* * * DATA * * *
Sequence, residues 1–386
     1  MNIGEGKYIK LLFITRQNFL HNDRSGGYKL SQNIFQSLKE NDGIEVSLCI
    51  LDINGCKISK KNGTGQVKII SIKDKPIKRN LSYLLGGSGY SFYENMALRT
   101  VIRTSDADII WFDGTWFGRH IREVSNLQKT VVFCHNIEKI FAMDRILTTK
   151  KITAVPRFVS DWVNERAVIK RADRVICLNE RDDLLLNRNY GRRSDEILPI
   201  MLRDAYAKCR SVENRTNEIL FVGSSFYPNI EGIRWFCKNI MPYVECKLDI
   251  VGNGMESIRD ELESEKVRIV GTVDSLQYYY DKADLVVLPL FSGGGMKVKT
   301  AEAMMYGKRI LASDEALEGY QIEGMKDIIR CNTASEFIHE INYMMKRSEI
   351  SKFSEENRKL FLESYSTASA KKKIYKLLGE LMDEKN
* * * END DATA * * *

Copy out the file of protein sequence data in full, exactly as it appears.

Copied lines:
Sequence, residues 1–386
     1  MNIGEGKYIK LLFITRQNFL HNDRSGGYKL SQNIFQSLKE NDGIEVSLCI
    51  LDINGCKISK KNGTGQVKII SIKDKPIKRN LSYLLGGSGY SFYENMALRT
   101  VIRTSDADII WFDGTWFGRH IREVSNLQKT VVFCHNIEKI FAMDRILTTK
   151  KITAVPRFVS DWVNERAVIK RADRVICLNE RDDLLLNRNY GRRSDEILPI
   201  MLRDAYAKCR SVENRTNEIL FVGSSFYPNI EGIRWFCKNI MPYVECKLDI
   251  VGNGMESIRD ELESEKVRIV GTVDSLQYYY DKADLVVLPL FSGGGMKVKT
   301  AEAMMYGKRI LASDEALEGY QIEGMKDIIR CNTASEFIHE INYMMKRSEI
   351  SKFSEENRKL FLESYSTASA KKKIYKLLGE LMDEKN